‘Diversify export market’ . . . Relying on SA not good, firms told

The Chronicle

Leonard Ncube, Victoria Falls Reporter

ZIMBABWE’s dependency on South Africa for exports is not good for the economy and local producers must diversify their market to widen opportunities of earning more foreign currency for the country.

This emerged during an export awareness seminar organised by ZimTrade for manufacturers of goods and  service providers as well as Small and Medium Enterprises (SMEs) in Victoria Falls.

The seminar sought to engage manufacturers of goods and service providers in order to encourage them to diversify into the regional market. 

ZimTrade Matabeleland regional manager, Mr Similo Nkala, said South Africa commands 50 percent of Zimbabwe’s market share, which is not good for the economy.

He said the national trade promotion organisation had conducted a market research and identified opportunities for local exporters.

“We have to diversify and not concentrate on specific products and country. As ZimTrade we are your partner and we have been conducting market research in the DRC, Germany, Malawi, Namibia, Angola, Botswana and Zambia so that we can really try and assist our companies. We found that there are opportunities out there,” he said.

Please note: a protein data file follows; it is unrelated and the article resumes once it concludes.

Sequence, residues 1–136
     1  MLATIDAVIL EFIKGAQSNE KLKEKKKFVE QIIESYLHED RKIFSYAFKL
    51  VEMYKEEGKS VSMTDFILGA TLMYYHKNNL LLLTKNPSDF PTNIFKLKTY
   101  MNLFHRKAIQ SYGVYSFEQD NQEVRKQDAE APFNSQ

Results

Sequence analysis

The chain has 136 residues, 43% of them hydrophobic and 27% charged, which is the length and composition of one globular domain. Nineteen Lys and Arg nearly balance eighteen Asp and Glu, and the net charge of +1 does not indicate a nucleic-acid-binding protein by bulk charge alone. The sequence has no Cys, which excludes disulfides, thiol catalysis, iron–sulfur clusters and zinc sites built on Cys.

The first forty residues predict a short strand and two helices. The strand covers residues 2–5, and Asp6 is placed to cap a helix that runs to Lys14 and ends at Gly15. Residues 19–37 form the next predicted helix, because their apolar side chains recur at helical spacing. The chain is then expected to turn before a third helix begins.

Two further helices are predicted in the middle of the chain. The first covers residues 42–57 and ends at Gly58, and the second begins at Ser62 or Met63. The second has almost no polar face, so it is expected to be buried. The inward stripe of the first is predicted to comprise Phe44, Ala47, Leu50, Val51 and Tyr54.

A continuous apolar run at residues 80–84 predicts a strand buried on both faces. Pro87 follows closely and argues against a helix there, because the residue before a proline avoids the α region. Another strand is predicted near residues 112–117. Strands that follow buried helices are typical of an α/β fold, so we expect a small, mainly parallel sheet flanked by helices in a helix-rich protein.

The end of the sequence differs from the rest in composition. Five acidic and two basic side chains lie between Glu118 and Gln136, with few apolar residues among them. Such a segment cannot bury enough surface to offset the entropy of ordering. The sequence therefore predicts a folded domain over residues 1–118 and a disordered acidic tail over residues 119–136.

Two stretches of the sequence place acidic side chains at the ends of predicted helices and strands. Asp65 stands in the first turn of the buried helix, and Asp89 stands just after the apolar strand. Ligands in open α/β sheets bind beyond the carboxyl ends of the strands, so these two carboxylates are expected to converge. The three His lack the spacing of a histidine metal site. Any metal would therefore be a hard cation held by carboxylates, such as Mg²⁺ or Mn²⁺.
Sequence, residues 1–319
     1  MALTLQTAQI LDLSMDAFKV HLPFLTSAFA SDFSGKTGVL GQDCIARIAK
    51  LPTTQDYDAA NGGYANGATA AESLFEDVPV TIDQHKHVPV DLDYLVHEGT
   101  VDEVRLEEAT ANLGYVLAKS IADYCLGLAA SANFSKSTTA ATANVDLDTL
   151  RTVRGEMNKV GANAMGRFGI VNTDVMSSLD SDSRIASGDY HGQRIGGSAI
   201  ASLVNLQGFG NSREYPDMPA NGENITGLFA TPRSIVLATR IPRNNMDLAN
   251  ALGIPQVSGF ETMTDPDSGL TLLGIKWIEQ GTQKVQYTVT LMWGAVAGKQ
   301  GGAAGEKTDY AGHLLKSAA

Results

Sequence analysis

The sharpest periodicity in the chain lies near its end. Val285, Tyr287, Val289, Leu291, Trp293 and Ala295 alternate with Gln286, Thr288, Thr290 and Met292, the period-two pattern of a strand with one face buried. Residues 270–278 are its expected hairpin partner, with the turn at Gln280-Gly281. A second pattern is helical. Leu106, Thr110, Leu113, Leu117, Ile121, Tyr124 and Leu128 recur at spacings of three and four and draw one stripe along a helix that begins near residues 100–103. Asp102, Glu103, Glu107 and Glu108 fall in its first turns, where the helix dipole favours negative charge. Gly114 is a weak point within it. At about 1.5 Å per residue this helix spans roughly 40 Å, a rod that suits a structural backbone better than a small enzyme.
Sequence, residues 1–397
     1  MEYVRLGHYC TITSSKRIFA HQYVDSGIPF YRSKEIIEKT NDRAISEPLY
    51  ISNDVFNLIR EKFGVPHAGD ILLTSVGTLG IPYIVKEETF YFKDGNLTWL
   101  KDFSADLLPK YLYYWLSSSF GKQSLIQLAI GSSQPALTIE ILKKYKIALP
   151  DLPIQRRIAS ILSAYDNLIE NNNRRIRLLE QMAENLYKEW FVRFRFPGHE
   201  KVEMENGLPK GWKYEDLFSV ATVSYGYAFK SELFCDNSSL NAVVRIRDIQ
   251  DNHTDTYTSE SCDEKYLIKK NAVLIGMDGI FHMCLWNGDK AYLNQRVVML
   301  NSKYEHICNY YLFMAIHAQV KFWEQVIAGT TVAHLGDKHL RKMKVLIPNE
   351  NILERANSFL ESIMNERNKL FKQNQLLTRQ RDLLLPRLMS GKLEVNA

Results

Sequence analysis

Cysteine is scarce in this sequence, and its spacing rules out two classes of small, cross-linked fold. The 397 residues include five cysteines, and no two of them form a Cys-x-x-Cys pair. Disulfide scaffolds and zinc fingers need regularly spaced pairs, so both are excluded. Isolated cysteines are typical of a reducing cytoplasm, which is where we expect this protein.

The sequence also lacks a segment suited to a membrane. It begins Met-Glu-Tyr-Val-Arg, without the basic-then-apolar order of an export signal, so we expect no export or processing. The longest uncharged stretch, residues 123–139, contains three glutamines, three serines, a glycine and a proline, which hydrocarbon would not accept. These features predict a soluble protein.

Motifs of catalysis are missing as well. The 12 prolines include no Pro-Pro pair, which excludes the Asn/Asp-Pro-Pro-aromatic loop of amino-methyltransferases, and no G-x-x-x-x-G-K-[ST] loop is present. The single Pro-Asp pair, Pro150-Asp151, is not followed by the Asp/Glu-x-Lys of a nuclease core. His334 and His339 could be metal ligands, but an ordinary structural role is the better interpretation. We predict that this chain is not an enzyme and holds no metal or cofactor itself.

Mr Nkala said capturing the foreign market was the only way to earn foreign currency for the country.

“Yes, things are tough but find your niche and the question now is do you have the means and are you able to supply? The issue of us growing our exports is critical to economic revival and for us export is the only way to revive the economy,” he said.

 “We rely on South Africa, which accounts for 50 percent of market share and the United Arab Emirates with 20 percent share meaning that when South Africa catches a cold, we all sneeze. We need to go back to 1992 where we used to market in Italy, France, Germany, South Africa and many more so in times of trouble we would rely on others.”

Mr Nkala said the Botswana market used to earn the country about $200 million but had now gone down to about $31 million per annum. He said ZimTrade has since 2016 been engaging the Ministry of Industry and Commerce and the Office of the President and Cabinet on the ease of doing business under the Rapid Results Initiative programme to change some Statutory Instruments that had been identified as barriers to smooth exports. 

Mr Nkala said so far 22 instruments have been identified and 11 have so far been successfully amended. Exporters also must establish partnerships with their counterparts in the export market country.

ZimTrade is also facilitating for businesses to participate at trade expos around the globe. 

Speaking at the same occasion, NMB Bank assistant manager for corporate banking, Mr Robian Hove, said the financial institution was ready to fund exporters who approach it as long as they are into the business of exporting goods. He said no collateral is needed as long as the exporter has export documents while the main requirement is one to formalise their business.

Mr Dennis Choguya, who is an associate trainer for ZimTrade, challenged local businesses to come up with unique brands that can compete on the bigger market. “People should start thinking about exporting and reduce reliance on one market. When you get an opportunity to export, do it right and come up with unique products and brands,” he said. — @ncubeleon.